by Dave Collins
WA remains the hotspot for Australia's asbestos-related disease, according to a recent Australian Institute of Health and Welfare report which quoted 5 in every 100,000 West Australians have mesothelioma, an incurable cancer caused by asbestos exposure.
And while an Australia-wide ban on the manufacture and use of all types of asbestos and Asbestos Containing Material (ACM) took effect on 31 December 2003, we are still seeing these numbers rise throughout Australia.
As we head into bushfire season the question arises - what happens to residents of regional towns plagued with old buildings and hidden asbestos?
In 2015 a huge bushfire tore through the WA town of Yarloop killing two people and levelling almost 70,000 hectares of land and 181 homes and buildings.
As the recovery process began it became apparent that the presence of asbestos in older buildings, including plant, machinery, and equipment contained within some of these buildings, posed significant risk to residents.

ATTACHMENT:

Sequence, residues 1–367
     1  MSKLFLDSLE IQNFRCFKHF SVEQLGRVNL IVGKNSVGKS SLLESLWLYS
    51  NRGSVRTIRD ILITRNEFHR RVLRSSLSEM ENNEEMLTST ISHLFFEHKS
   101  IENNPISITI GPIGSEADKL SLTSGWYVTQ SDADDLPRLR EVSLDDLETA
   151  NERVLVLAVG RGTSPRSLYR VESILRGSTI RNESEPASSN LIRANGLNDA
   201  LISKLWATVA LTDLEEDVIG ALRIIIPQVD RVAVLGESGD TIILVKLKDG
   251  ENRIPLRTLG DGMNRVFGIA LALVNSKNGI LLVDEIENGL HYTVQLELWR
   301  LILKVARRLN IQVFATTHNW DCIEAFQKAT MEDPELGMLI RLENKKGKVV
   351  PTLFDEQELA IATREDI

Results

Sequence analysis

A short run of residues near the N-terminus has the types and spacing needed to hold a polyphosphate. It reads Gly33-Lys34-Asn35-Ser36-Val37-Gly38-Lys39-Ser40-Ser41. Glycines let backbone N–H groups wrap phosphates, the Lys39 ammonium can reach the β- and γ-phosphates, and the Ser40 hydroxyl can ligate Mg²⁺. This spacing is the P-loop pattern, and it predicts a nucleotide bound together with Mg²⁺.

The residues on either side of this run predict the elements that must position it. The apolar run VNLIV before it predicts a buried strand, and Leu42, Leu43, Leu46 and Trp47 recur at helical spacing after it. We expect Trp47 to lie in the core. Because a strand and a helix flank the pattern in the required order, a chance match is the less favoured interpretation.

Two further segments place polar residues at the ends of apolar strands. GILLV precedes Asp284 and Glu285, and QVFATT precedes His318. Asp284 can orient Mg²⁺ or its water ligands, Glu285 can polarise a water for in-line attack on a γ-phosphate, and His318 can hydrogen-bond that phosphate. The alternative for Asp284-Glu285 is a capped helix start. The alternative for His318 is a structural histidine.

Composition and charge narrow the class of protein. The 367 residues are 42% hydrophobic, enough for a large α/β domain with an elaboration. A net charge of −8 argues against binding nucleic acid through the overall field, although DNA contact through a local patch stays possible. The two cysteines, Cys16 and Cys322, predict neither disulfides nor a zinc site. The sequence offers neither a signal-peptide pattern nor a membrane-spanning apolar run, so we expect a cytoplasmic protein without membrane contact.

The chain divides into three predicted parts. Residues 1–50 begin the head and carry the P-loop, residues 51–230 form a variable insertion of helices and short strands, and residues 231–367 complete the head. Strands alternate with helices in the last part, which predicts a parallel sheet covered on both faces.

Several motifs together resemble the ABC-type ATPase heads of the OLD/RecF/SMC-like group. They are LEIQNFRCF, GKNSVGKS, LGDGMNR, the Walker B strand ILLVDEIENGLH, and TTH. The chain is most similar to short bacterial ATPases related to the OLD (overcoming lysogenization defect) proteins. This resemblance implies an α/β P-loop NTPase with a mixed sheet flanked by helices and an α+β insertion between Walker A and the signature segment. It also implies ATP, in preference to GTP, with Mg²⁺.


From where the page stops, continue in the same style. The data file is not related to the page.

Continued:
Although many people think asbestos is destroyed in a fire, as soon as debris is lifted or moved the asbestos can become airborne, usually in a friable form. In this instance delaminated friable material from asbestos cement sheeting and “Klingerit” compressed gaskets caused contamination issues throughout the area.
Authorities learned a lot in the wake of the Yarloop fire and it prompted a national discussion about collaboration in the recovery process.
QED deployed to the area in the aftermath of the 2015 Waroona-Yarloop bushfire, conducting clearance monitoring during demolition of buildings destroyed by the fire and saw firsthand that there is a lot of work to be done in educating our communities around bushfire and disaster management.
Having a robust response and management process is essential. We have a whitepaper that outlines an example of the process we promote at QED to minimise asbestos risk following a fire and ensure the safety of those that fall within the contaminated area. You can download the document here.
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